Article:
Anthime Gionet, a far-right internet troll known as Baked Alaska, livestreamed the Jan. 6, 2021, Capital riot. (Screenshot via court documents)
Washington D.C. — Baked Alaska, a far-right internet troll who livestreamed his attendance at the Jan. 6 Capitol riot, is going to jail for 60 days. The 35-year-old, real name Anthime Gionet, pleaded guilty in August to a misdemeanor charge of parading, demonstrating, or picketing in a Capitol building. And in federal court Tuesday, U.S. attorneys played clips from his livestream while his parents sat in the courtroom several rows behind him. At the time, the broadcast on D-Live netted him a total of $2,000 from viewers.
Gionet was seen trespassing into two senators’ offices and filmed himself using one of their desk phones. At one point, he suggests calling Donald Trump. “He’ll be happy, we’re fighting for him,” said Gionet. At another point, Gionet was seen swearing at Capitol police who were trying to quell the mob, calling them “traitors.” “We ain’t leaving this bitch,” he declared during his livestream.” Franks said that Gionet was asked to leave the Capitol but soon re-entered. Gionet has been a mainstay of far-right circles ever since Donald Trump was elected president. He trolled counterprotesters on his livestream at the “Battle of Berkeley” in early 2017. Later that year, he attended the violent white supremacist rally in Charlottesville. Since Jan. 6, Gionet has allied himself with white nationalist Nick Fuentes’ and his army of “groypers” and most recently embraced disgraced rapper Ye. At the start of Tuesday’s sentencing, Gionet, with a bleached mullet and a dark rumbled suit, was smiling and idly scrolling through his phone. But as U.S. attorneys made the government’s case for why Gionet should do jail-time —the government sought 75 days— the livestreamer became emotional and appeared to tear up. He wiped his eyes on his forearms, which were resting on the table.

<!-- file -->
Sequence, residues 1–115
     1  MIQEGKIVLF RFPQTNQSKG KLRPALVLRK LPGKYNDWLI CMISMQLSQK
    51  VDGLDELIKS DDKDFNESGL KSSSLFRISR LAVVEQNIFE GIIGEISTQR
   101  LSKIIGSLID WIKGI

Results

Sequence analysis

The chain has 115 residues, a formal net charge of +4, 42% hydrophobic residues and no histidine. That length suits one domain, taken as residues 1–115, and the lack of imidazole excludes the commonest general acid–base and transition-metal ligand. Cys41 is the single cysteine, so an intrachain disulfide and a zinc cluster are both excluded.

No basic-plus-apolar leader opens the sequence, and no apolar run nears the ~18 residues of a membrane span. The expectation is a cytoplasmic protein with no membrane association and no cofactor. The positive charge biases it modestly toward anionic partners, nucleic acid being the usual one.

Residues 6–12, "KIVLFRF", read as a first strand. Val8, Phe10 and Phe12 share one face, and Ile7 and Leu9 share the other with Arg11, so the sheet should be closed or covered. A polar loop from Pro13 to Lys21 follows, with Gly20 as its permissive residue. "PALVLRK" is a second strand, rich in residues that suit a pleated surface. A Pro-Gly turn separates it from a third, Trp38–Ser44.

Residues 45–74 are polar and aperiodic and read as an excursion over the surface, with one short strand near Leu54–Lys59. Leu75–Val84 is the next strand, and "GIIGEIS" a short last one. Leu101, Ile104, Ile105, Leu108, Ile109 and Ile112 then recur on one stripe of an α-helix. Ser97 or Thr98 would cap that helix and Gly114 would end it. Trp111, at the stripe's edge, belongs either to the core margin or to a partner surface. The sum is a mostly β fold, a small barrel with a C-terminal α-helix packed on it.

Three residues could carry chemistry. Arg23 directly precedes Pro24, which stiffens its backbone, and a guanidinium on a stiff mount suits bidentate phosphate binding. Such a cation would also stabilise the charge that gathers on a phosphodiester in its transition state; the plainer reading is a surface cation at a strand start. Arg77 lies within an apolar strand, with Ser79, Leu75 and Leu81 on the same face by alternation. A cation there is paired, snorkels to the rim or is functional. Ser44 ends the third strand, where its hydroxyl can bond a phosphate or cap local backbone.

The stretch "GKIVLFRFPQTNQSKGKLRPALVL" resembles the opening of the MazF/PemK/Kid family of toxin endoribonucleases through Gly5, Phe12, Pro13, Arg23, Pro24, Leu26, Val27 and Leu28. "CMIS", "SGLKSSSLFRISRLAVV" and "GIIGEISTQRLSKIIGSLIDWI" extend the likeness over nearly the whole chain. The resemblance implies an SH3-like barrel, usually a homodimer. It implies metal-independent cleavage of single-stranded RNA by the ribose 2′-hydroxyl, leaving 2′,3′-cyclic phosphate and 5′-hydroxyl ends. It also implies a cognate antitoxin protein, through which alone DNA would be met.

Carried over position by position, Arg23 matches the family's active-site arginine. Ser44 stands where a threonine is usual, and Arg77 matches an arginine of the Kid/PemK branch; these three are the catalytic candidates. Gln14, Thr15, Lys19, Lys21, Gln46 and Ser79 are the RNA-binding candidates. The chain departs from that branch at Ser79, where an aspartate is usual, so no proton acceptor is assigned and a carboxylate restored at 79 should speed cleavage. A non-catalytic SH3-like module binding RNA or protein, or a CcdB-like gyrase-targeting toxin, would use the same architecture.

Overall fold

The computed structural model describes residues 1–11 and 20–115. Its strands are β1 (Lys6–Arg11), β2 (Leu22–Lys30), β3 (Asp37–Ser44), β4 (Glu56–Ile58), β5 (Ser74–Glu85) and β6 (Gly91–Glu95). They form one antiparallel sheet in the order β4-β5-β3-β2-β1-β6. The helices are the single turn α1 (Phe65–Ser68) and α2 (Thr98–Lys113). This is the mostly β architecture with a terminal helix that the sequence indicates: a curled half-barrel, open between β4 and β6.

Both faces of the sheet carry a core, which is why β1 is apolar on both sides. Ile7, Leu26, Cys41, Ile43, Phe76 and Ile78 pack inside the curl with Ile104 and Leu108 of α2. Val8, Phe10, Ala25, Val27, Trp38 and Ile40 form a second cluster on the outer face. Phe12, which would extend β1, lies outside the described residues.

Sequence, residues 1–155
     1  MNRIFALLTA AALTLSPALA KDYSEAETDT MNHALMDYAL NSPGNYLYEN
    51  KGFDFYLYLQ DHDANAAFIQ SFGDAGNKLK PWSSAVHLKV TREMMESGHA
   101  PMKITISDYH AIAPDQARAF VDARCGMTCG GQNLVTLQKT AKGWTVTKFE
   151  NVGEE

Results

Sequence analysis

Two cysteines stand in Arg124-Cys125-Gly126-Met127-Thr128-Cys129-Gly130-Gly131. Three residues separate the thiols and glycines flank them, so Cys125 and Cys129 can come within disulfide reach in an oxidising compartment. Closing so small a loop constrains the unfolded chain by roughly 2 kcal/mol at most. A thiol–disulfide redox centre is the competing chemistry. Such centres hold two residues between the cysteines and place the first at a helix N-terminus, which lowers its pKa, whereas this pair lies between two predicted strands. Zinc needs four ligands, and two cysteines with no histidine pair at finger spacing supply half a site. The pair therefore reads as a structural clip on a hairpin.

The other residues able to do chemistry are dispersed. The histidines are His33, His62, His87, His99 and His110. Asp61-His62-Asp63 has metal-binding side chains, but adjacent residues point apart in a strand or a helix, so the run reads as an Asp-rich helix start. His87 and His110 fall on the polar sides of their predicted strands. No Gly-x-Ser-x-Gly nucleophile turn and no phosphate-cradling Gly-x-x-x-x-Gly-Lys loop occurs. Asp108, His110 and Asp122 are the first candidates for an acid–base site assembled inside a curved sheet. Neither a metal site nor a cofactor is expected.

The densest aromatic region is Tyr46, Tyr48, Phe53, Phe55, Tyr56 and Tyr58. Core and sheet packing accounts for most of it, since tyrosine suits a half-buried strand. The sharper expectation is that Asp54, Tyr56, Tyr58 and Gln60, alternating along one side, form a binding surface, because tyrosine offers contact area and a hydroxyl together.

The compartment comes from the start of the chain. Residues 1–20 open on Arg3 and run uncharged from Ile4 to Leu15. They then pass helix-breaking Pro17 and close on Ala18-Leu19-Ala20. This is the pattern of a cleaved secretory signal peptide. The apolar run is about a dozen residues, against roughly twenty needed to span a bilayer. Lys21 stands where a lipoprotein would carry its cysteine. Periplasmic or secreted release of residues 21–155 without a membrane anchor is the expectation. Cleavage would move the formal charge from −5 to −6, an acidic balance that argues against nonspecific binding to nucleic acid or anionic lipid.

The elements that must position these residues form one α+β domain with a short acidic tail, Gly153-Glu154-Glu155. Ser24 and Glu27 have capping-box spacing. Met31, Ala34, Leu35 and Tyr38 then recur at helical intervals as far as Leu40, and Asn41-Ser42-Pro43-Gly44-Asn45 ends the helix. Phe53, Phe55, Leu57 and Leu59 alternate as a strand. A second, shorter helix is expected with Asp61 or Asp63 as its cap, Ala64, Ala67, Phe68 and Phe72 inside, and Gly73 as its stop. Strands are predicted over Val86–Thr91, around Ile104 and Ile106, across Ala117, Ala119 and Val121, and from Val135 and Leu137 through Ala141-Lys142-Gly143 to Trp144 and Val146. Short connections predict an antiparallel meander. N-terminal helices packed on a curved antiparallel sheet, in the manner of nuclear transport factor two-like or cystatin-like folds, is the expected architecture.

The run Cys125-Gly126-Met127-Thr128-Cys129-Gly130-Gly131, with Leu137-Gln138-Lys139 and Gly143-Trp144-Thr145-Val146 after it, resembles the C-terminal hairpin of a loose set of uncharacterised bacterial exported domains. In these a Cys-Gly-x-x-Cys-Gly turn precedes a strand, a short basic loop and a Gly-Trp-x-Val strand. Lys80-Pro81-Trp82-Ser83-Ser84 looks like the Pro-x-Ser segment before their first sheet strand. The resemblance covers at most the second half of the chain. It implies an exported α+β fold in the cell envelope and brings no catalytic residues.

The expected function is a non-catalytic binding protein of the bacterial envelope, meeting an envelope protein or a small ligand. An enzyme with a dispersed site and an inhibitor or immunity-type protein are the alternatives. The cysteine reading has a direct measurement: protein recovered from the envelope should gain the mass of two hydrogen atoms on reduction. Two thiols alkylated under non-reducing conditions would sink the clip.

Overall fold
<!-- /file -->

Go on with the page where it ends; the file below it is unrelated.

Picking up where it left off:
Judge Trevor McFadden said he agreed with the government’s assessment of aggravating factors in the case, one of which was Gionet’s past criminality. Gionet was convicted of two state misdemeanor charges from crimes committed in Arizona in Dec. 2020: assaulting a bouncer with pepper spray and tearing down a Happy Hanukkah sign from a menorah in front of the Arizona State Capitol. “Jan. 6 was the culmination of a petty crime spree for you,” McFadden said. Additionally, the government had highlighted Gionet’s large follower count at the time of Jan. 6—about 16,000-strong—and said that urged people to join him at the Capitol. “You repeatedly engaged in criminality to earn followers and money online,” said McFadden. That is a disturbing vocation, sir,’ McFadden says that Gionet, being an “influencer” in particular, has a responsibility to “lead by example.” And his following also “highlights the importance of a sentence that promotes deterrence” to send a message to his supporters that “such criminality will not be tolerated.” Gionet’s attorney Zachary Thornley, however, tried to cast his client as a “guerilla journalist.” (Gionet briefly worked at Buzzfeed prior to his radicalization to far-right politics; in one sentencing memo, his lawyers tried to blame the “open bar” party culture at the news outlet for his downfall, including once missing his mother’s birthday due to a hangover.) “He goes to places where controversial things are happening and he records them,” said Thornley. McFadden said that Gionet’s conduct during his livestreams make it clear that he actively participates in the events he films. In addition to 60 days in prison, Gionet received two years probation and a fine of $2,000. After McFadden handed down his sentence, Gionet left the courtroom flanked by his parents and his lawyers. In his right hand, he clutched his trademark wraparound, mirrored sunglasses. Want the best of VICE News straight to your inbox? Sign up here.